Charities have warned that a bylaw to ban street fundraisers from Birmingham city centre could be a devastating blow at a time when the need for their services has never been greater.

The Post revealed last week that shops and businesses backed city council plans to ban charity collectors - dubbed 'chuggers', or 'charity and muggers' - from major shopping parades.

John Bines, director of fundraising for international development charity Everychild, said more than 90 per cent of new donors came from street fundraising. Stopping it would mean fewer children in poverty-stricken parts of the world would be helped.

Everychild has about 15 people on the streets of the West Midlands on weekdays trying to encourage new donors, and Mr Bines said it would be a "major problem" if that opportunity was removed.

Mr Bines said: "We are receiving regular donations from about 30,000 people in the UK and this is really the only means of recruiting new supporters.

"If we didn't have these opportunities to talk to people we wouldn't be able to keep delivering what we are delivering."

He added: "We are in this position where just as it is getting tough here it is also getting tough in the developing countries where we work.

"There are more children without parental care out there being left alone through poverty so our job gets harder just at a time where our capacity to recruit gets harder."

The council's investigation into the problem was prompted by complaints from Retail Birmingham, the organisation representing city centre shops and businesses.

The council agreed to look into the problem and act if there was evidence that charity collectors were a major problem. The results of an official survey, announced this week, suggested there was an issue.

As a result chairman of the city's licensing committee Barbara Dring said that officials were drawing up new regulations which could outlaw the practice.

However, the bylaws will have to be passed by Communities Secretary Eric Pickles, and the Public Fundraising Regulatory Association (PFRA) has cast doubt over whether this would happen.

Ian MacQuillin, head of communications at the PFRA, said the bylaw would be unlikely to gain support from central government because self-regulation is the preferred means.

He said: "We are trying to create the right balance between charities' duties and the rights of the public not to be put under undue pressure.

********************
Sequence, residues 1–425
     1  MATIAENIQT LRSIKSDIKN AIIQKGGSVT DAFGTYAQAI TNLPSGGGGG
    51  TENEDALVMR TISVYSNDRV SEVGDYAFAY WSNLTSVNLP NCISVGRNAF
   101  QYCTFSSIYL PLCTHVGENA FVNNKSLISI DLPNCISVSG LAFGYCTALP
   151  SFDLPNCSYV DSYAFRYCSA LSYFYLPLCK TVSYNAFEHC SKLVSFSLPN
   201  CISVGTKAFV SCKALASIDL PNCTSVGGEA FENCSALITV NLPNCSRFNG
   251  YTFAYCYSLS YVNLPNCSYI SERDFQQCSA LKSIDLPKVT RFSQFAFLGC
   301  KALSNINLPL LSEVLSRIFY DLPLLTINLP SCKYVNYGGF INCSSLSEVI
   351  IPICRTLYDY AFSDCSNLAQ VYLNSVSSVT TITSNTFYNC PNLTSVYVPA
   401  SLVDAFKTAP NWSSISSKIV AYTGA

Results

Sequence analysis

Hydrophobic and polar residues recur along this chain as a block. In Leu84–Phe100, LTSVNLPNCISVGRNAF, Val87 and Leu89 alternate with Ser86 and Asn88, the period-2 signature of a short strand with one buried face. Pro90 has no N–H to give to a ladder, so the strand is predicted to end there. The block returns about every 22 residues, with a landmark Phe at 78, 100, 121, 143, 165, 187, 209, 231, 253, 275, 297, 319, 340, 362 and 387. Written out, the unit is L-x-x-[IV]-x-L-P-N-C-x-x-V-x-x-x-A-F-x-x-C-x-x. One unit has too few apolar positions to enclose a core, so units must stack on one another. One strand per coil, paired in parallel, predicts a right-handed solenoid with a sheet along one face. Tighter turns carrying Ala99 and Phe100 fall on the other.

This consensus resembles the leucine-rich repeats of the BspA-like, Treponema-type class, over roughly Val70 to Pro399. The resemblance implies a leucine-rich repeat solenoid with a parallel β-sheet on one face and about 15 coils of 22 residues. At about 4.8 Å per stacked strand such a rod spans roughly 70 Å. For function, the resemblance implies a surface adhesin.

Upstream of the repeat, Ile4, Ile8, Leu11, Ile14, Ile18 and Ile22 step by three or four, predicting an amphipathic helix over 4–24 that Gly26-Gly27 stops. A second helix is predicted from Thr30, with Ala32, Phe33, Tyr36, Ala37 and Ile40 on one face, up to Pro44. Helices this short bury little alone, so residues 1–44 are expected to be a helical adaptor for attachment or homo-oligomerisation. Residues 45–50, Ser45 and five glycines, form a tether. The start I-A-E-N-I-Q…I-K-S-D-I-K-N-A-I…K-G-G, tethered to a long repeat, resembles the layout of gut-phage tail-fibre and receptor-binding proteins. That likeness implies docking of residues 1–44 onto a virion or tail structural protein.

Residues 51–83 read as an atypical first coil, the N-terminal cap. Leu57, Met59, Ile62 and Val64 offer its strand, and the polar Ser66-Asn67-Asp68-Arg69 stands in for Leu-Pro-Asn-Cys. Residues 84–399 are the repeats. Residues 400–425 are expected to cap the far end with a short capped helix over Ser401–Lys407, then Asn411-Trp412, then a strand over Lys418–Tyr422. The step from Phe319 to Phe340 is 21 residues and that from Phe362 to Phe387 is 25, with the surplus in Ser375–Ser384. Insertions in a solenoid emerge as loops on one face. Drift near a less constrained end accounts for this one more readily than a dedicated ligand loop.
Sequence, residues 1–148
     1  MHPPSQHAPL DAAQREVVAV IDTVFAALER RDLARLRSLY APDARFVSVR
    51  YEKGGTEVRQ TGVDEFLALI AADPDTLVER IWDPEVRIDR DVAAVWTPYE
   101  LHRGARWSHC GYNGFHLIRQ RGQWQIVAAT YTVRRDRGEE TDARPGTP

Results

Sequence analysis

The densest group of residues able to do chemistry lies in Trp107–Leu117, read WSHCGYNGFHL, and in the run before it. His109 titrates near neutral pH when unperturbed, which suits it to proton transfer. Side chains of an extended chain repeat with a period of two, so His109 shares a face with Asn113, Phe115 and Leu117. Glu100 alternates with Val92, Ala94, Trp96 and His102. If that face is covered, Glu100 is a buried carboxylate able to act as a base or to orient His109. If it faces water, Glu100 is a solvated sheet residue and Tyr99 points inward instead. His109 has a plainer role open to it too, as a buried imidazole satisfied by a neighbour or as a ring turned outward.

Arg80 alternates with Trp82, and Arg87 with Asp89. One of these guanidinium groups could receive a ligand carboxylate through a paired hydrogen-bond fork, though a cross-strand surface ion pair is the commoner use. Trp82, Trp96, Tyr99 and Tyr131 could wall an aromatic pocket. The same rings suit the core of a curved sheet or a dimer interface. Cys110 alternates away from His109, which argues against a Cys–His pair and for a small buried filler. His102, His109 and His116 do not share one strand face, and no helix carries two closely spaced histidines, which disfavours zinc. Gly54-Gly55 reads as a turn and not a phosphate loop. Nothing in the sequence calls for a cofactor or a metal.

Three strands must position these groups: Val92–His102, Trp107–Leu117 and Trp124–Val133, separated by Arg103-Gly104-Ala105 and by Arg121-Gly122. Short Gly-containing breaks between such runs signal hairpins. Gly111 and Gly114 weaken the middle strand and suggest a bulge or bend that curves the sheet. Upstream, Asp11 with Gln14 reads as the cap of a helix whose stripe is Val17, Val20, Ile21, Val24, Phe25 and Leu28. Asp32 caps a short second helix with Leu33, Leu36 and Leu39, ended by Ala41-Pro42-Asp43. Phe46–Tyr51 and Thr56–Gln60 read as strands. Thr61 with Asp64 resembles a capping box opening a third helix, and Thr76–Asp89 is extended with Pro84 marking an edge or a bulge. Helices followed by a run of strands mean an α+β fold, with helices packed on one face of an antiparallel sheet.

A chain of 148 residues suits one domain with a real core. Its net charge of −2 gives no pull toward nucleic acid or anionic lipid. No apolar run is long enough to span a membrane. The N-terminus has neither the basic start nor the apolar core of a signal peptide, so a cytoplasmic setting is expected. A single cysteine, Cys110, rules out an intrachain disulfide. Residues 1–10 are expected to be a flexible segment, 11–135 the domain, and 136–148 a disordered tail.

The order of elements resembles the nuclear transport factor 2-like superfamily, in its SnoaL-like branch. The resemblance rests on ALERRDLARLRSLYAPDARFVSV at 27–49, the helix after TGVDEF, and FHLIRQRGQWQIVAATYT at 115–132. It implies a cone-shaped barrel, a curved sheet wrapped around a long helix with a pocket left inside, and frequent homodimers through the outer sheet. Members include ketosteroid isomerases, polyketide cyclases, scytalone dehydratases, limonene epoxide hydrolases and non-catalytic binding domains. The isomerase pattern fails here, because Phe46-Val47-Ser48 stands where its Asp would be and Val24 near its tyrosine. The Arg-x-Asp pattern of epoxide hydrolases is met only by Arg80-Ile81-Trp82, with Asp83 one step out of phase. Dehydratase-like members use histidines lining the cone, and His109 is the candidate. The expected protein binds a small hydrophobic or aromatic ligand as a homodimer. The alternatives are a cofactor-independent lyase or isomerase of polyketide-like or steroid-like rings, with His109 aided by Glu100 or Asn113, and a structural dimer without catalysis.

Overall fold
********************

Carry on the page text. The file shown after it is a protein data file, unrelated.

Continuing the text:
"In Leeds and Manchester we think we are hitting the right balance but in Birmingham if they introduced the bylaw there would be no balance at all. Charities would be off the street and their beneficiaries would suffer as a result.

"However, the Government is looking at how to review the licensing around street fundraising, and it is unlikely that the Government would allow something that does outside statutory legislation.

"All bylaws have to be approved by the Secretary of State and it would be very surprising if a bylaw like this was approved."

Mr MacQuillin said self-regulation agreements, including those set up in Solihull in March and Wolverhampton in April, can reduce dissatisfaction with charity fundraisers in city centres.

He cited an agreement with Plymouth in August last year which has seen monthly complaints about street fundraisers reduce from around 50 to two.

He said: "We have been trying to talk to Birmingham for quite some time about this because we can provide the regulations that they want. We have more than 50 such agreements across the country limiting the number of street fundraisers, saying where and when they can operate and we make sure they stick to the standards.

"We can do everything that Birmingham City Council say they want to do to put in levels of control."

He added: "Since this story has come out we have made contact again but until now almost all of our attempts to contact them have been rebuffed."

"We have now re-established contact in light of this story, so maybe things will change."